"That it shall be lawful for the appraisers to call before them and examine upon oath any owner, importer, consignee, or other person touching any matter or thing which they may deem material in ascertaining the true value of any merchandise imported, and to require the production on oath to the collector, or to any permanent appraiser, of any letters, accounts, or invoices in his possession relating to the same, for which purpose they are hereby authorized to administer oaths, and if any person so called shall fail to attend or shall decline to answer or to produce such papers when so required, he shall forfeit and pay to the United States fifty dollars, and if such person be the owner, importer, or consignee, the appraisement which the said appraisers may make of the goods, wares, or merchandise shall be final and conclusive, any act of Congress to the contrary notwithstanding, and any person who shall swear falsely on such examination shall be deemed guilty of perjury, and if he be the owner, importer, or consignee, the merchandise shall be forfeited."
By the third section of the Act of 28 May, 1830, 4 Lit. & Brown's ed. 409, entitled "An act for the more effectual collection of the impost duties," it is enacted
"That if the owner, importer, or consignee, or agent for any goods appraised shall consider any appraisement made by the appraisers, or other persons designated, too high, he may apply to the collector in writing, stating the reasons for his opinion and having made oath that the said appraisement is higher than the actual cost and proper charges on which duty is to be charged, and also that he verily believes it is higher than the current value of the said goods, including said charges at the place of exportation, the collector shall designate one merchant skilled in the value of such goods, and the owner, importer, consignee, or agent may designate another, both of whom shall be citizens of the United States, who, if they cannot agree in an appraisement, may designate an umpire, who shall also be a citizen
of the United States, and when they or a majority of them shall have agreed, they shall report the result to the collector, and if their appraisements shall not agree with that of the United States' appraisers, the collector shall decide between them."
This last enactment was not repealed by the act of 1832, and it was under this last act, as modified by the compromise act of 1833. 4 Lit. & Brown's ed. 629, that the cause came on to be tried at the November term, 1842.
The plaintiffs in error made three several importations of wool in the year 1838, viz.:
April, by the Sarah Sheafe, 25 bales.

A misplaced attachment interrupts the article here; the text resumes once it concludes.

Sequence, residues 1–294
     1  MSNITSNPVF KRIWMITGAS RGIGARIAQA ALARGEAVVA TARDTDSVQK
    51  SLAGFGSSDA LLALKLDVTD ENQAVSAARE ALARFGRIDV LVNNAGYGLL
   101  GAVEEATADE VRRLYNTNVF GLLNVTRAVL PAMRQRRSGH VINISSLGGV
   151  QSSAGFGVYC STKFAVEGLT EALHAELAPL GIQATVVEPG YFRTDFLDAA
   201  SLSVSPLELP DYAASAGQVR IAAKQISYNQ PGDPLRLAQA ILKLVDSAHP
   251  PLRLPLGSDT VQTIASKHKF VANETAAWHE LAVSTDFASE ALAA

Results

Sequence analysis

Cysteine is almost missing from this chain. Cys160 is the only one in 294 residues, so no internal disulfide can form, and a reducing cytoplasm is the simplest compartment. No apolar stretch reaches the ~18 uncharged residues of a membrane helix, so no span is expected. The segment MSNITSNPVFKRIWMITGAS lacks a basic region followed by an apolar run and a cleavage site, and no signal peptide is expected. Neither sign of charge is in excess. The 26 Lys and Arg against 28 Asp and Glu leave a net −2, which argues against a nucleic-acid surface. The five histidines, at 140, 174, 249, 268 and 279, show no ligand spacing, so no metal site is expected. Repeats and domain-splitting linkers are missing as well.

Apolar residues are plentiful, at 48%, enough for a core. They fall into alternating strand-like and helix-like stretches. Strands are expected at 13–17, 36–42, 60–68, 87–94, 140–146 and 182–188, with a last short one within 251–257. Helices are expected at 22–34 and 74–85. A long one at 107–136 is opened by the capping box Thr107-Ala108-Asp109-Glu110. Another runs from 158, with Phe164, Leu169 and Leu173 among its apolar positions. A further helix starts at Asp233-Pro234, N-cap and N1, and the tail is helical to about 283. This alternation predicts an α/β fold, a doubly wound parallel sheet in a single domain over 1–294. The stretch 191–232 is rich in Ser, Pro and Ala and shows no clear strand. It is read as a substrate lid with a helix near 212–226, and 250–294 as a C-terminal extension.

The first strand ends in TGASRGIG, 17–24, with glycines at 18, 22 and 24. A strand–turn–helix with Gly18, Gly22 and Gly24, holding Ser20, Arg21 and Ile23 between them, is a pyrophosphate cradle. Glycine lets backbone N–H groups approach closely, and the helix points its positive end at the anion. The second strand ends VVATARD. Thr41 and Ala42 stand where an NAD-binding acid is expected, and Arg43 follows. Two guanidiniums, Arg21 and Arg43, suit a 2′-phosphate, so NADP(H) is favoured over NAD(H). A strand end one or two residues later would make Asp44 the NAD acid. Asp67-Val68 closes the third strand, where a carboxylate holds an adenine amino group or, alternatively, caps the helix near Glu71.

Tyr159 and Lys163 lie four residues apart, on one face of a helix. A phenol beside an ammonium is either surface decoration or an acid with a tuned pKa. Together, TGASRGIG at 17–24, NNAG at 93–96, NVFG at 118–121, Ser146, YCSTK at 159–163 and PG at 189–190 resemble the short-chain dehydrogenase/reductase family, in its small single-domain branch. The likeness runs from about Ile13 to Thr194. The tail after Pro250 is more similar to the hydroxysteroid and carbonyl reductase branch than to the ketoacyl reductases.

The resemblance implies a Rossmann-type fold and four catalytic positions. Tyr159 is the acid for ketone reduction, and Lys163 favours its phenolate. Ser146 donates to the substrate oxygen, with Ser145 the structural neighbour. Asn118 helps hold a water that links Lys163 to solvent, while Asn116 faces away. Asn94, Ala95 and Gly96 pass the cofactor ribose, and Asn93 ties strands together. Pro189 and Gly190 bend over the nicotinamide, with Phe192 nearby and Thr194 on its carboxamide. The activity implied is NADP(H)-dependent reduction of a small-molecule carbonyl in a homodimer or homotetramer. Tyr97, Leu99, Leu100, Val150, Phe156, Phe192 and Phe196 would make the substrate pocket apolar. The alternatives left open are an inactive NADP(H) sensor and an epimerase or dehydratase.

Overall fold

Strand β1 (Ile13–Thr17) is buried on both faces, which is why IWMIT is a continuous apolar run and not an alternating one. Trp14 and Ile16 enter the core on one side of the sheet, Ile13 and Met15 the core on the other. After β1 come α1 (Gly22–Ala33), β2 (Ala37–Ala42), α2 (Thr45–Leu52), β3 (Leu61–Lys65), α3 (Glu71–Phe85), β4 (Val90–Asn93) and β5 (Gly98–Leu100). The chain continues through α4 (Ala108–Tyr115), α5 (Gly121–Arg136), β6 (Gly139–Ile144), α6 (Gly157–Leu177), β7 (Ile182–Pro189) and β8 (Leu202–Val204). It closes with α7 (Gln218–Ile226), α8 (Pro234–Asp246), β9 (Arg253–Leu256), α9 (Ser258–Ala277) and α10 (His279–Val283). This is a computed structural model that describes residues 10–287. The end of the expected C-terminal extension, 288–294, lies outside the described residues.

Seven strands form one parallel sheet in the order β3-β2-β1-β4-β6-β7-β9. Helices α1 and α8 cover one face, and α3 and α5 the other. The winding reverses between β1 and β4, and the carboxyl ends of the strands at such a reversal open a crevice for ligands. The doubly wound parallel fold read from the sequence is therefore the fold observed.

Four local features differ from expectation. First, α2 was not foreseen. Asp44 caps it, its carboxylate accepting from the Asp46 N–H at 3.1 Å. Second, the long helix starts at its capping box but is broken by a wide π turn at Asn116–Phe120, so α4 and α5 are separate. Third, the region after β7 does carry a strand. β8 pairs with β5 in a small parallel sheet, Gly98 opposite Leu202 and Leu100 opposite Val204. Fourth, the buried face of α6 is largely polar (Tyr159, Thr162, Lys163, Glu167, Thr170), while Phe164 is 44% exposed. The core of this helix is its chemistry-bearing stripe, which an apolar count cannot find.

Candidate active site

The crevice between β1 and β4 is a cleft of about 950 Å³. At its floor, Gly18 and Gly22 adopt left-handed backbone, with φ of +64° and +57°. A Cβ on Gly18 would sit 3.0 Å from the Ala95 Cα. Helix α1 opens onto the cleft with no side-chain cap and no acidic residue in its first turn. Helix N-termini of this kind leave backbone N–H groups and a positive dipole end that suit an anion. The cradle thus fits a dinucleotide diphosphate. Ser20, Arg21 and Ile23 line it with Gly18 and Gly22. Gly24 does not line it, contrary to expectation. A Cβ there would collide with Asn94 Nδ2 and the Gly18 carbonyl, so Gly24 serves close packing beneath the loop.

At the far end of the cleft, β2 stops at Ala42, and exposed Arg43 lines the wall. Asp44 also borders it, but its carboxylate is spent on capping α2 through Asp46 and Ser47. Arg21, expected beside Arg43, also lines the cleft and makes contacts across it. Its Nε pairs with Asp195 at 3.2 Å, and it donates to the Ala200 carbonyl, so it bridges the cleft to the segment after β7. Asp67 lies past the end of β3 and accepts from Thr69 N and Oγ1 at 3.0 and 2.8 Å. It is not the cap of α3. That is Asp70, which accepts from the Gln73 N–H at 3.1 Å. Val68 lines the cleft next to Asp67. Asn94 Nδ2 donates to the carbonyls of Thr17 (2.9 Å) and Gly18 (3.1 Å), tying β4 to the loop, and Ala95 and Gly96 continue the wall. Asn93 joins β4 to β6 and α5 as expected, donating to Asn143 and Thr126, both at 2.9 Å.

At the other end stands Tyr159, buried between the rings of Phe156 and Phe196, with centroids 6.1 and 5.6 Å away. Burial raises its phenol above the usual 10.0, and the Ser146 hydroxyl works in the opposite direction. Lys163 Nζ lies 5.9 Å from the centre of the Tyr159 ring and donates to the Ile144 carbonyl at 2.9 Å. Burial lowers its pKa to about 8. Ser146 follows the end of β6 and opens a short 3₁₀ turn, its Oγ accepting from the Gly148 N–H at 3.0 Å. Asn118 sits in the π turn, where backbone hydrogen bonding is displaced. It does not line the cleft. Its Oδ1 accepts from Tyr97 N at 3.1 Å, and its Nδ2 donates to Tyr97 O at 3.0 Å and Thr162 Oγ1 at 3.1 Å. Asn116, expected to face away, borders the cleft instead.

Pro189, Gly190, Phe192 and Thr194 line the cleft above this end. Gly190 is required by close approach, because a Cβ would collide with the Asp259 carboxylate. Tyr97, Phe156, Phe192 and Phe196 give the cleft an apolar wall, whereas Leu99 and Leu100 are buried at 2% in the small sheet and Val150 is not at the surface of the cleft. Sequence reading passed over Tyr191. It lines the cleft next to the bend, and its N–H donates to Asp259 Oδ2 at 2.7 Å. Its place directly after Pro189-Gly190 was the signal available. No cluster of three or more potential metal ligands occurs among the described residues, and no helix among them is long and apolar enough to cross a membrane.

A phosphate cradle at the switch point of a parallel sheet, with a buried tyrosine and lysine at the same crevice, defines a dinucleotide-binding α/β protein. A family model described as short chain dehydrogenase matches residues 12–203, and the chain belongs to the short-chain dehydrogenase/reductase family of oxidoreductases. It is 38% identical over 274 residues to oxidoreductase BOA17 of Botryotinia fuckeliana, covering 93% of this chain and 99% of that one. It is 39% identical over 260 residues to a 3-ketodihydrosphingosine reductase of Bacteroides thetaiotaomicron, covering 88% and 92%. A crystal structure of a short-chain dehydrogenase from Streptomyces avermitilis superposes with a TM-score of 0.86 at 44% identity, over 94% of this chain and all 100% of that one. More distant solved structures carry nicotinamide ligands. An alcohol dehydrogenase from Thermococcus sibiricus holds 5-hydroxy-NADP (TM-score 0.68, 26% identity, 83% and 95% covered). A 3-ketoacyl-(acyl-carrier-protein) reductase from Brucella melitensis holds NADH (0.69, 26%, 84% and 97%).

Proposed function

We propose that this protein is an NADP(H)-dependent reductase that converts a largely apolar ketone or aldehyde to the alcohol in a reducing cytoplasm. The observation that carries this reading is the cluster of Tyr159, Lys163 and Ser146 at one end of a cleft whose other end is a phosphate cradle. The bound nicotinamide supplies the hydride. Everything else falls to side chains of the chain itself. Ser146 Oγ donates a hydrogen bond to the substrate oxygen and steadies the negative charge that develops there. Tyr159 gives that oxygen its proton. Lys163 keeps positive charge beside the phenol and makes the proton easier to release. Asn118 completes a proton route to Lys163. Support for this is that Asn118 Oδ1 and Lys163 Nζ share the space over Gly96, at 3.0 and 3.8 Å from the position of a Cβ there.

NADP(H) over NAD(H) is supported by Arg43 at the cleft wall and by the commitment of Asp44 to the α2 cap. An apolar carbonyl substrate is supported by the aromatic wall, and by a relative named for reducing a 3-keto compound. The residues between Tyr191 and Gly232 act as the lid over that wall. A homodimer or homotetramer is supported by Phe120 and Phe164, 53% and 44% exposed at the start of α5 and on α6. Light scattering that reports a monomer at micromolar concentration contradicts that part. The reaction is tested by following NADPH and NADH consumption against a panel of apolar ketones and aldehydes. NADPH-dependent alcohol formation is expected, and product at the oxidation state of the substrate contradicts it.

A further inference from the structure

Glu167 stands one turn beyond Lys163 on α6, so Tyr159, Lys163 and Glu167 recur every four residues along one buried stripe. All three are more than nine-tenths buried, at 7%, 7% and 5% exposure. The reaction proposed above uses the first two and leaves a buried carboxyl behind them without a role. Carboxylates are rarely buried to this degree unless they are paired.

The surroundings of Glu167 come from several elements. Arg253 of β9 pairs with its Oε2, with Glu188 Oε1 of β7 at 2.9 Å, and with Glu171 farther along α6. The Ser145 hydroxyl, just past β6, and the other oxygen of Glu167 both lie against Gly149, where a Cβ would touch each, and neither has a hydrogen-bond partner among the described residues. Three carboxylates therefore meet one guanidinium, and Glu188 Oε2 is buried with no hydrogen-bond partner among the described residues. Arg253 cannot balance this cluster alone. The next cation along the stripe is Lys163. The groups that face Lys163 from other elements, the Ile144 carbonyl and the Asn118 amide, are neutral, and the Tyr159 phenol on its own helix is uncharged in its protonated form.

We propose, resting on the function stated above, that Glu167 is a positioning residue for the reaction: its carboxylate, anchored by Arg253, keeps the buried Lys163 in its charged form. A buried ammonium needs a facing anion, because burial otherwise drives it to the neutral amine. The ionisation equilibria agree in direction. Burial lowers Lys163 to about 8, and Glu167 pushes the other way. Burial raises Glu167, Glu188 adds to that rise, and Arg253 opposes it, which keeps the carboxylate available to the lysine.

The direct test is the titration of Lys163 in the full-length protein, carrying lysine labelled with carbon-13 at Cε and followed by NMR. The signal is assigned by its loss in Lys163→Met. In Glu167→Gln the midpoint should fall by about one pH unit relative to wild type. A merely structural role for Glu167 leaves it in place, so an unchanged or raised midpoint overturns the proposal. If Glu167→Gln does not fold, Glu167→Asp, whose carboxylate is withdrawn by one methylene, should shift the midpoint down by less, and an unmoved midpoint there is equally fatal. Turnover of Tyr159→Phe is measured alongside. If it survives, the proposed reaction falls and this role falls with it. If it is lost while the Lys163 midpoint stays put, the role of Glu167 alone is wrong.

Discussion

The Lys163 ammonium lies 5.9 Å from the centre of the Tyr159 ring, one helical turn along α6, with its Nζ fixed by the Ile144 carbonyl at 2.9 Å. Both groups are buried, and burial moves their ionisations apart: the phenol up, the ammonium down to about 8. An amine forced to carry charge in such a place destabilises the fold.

May, by the Josephine, 21 bales.
November, by the Renown, 19 bales.
The whole of the duties paid upon these several importations were claimed in this one action.
The jury found a special verdict of the following facts, viz., that the plaintiffs in error were co-partners; that Hoyt was collector of the customs; that the three importations above mentioned were made and the original invoices produced; that in each invoice the value of the wool was stated to be seven and one-half cents per pound; that the wool was all unmanufactured; and then proceeded as follows:
"And the jurors aforesaid, upon their oaths aforesaid, further find that upon the importation of the said three several invoices of wool as aforesaid and upon the several entries thereof, the said wool was examined and appraised by the appraisers of the United States for the collection district of New York, and that the said appraisers did upon such examination appraise the said wool and each and every part and parcel thereof as of the value, at the places of exportation thereof, of nine cents per pound, which appraisements were by said appraisers reported to the collector, and from which said appraisements, or either of them, no appeal was made by the said plaintiffs."
"And the jurors aforesaid, upon their oath aforesaid, further say that the said appraisers found the said several parcels of wool to be unmixed and of the same quality."
"And the jurors aforesaid, upon their oath aforesaid, further find that the said collector claimed and insisted that the said wool was subject to the payment of duties to the United States according to the valuation of the appraisers, so reported to him, and refused to deliver the said wool to the plaintiffs except upon payment by them of the duties claimed by the defendant to be due thereon as aforesaid."
The special verdict then went on to find that the plaintiffs in error insisted that the wool was free from and not subject to the payment of any duties to the United States, and protested against
the right of Hoyt to require payment of any duties; that they paid, under this protest and a notice that they would bring an action to recover it back, the sum of $1,909.93, and that the interest thereon, from the time of payment until 29 November, 1842, amounted to $577.22, the aggregate of the principal and interest being $2,487.15; that the duties charged by Hoyt were calculated and charged upon the value of the wool, as appraised by the appraisers, and that the wool mentioned in the three several invoices, and each and every part and parcel thereof, at the place of exportation, was of the value of seven and one-half cents per pound and no more.
Under this special verdict, the court, on 23 December, 1843, ordered a judgment to be entered in favor of Hoyt, the defendant, and a writ of error brought the case up to this Court.
MR. JUSTICE WOODBURY delivered the opinion of the Court.